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Risk Culture in Financial Organisations EXECUTIVE SUMMARY Michael Power | Simon Ashby | Tommaso Palermo


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Acknowledgements We are grateful to the following organisations for their generous financial support for this project: Economic and Social Research Council (ESRC) The Chartered Insurance Institute (CII) The Chartered Institute of Management Accountants (CIMA) The Lighthill Risk Network We would particularly like to thank the many individuals and organisations who participated in our study and who were so generous with their time. For reasons of strict confidentiality they are not named. We also thank the Financial Services Knowledge Transfer Network, specifically Dickie Whitaker and Chris Sier for their support, Hollie Seechurn for her research assistance, and Yvonne Guthrie for copyediting. We would like to thank academic colleagues for their input and advice, specifically Wim Van der Stede. Finally we acknowledge our respective institutions, the London School of Economics and Political Science and Plymouth University, for their additional financial contributions to the project.


RISK CULTU R E I N F I N A N C I A L O R G A N I S AT I O N S | E XE C U T I V E S U M M A RY

Introduction Interest in the cultures of organisations and their effects on management practices goes back many years and there is an extensive body of scholarship on this topic. Yet this interest has increased dramatically in the period since 2008. The debate is led by the world of practice, particularly in the financial services sector. Furthermore, a new twist in the vocabulary of culture has taken place and companies, advisors and regulators now seem to have a specific focus on something called risk culture. What is this new object that features so prominently in discussion about financial regulation, at many industry events and on numerous blogs? Is it a single thing or does it have many faces? How do companies understand and operationalise it? Do they do this in similar ways? How do financial regulators influence conceptions of risk culture? Is the demand to improve risk culture at all coherent? Can it – whatever it is – be consciously managed? Is it auditable? Is there a single desirable risk culture or are there diverse and plural approaches? If so, are there any limits to this diversity? In this report we provide some answers to these questions based on our investigations over a period of 18 months. Our research into a constantly developing field is however necessarily incomplete and raises as many questions as it answers. We are also conscious that the debate about culture and risk culture is a very crowded one, with regulators, advisors and trade bodies seeking to provide thought leadership. We therefore offer this report as another contribution to the extensive public debate about the future of financial services. There have been many efforts to define risk culture and this multiplicity tells us something, namely that it is conceptually rather fuzzy. We decided to go out and listen to the way that different organisations – banks, insurers and their advisors – think about and operationalise risk culture change programmes. We think that this is where the action is – where risk culture becomes, or does not become, an organisational reality. Our report paints a rich picture and we have attempted to provide some intellectual structure to the diversity we have observed. To aid the readability of this report we have shifted a large body of material on methods and other matters to a series of appendices. Our research positions risk culture as the outcome of a series of trade-offs across a number of dimensions. How our participating organisations approach and think about these trades-offs also suggests an interesting difference between what we call organic and engineered styles of intervening in risk culture. We make no judgement about whether one style is superior to another but we note a paradox: while many individuals will openly support the former, it is the latter which is more visible. We explore the reasons for this. One of the big unanswered questions in our study is the extent to which individual organisational efforts in the space of risk culture are in fact overshadowed by a trans-organisational regulatory culture with some interesting properties. We make some speculations in this regard but the topic warrants further work. We hope that this report will be of interest and use to banks, insurers and other financial organisations; to regulators – both policy makers and supervisors; and to advisors. Rather than make a series of explicit recommendations, we have outlined a number of challenges and questions for senior risk personnel and CEOs, which arise naturally from our research findings.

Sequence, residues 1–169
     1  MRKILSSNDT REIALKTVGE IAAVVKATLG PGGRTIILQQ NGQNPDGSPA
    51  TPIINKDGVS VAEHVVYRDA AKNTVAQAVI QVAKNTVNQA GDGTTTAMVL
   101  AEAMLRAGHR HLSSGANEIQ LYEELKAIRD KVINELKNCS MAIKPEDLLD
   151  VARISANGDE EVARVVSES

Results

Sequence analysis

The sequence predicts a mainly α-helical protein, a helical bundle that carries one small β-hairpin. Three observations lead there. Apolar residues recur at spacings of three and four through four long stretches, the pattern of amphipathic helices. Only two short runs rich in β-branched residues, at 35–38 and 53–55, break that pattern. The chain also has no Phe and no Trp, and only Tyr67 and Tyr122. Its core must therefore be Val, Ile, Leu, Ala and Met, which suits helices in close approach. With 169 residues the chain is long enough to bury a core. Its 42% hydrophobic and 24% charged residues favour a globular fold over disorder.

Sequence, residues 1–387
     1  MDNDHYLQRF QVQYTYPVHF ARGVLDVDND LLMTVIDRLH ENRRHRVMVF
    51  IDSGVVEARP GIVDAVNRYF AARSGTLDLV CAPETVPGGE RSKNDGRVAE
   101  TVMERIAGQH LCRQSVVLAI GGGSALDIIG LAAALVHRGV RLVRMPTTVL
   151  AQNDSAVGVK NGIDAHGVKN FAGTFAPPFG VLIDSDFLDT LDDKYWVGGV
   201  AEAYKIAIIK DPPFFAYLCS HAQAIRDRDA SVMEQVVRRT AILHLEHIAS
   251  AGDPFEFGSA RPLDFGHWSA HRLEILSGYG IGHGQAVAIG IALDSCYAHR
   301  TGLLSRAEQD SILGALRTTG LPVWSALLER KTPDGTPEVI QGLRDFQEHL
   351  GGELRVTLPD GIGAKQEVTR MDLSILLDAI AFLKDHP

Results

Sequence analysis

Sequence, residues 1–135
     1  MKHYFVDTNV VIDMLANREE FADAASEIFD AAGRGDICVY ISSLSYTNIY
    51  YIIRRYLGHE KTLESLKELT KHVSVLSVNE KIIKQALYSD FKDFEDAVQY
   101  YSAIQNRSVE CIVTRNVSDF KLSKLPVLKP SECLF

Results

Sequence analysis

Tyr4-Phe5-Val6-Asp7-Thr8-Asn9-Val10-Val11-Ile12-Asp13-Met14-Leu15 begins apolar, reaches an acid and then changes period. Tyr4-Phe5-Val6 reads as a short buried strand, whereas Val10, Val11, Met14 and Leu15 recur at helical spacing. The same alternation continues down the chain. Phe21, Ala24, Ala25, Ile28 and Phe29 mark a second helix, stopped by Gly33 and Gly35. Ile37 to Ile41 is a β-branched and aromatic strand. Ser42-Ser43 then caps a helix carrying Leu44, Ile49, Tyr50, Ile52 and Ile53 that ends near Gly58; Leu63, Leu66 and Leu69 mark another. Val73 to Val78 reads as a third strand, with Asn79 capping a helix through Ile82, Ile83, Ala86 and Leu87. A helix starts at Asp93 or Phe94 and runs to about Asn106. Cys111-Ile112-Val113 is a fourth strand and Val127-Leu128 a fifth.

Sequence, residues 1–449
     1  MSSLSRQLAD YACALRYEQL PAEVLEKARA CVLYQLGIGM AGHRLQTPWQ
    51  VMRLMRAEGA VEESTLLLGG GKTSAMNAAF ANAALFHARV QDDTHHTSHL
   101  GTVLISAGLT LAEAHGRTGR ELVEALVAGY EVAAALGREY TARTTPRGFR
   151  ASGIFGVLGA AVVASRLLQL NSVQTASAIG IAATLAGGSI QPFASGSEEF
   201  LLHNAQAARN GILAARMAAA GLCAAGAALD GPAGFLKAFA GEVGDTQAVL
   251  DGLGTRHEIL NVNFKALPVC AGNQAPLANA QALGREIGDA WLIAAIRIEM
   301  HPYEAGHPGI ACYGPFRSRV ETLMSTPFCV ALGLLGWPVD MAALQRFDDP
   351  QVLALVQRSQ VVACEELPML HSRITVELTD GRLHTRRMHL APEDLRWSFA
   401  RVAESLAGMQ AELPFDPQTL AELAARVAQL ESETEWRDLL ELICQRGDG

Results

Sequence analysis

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RISK CULTU R E I N F I N A N C I A L O R G A N I S AT I O N S | E XE C U T I V E S U M M A RY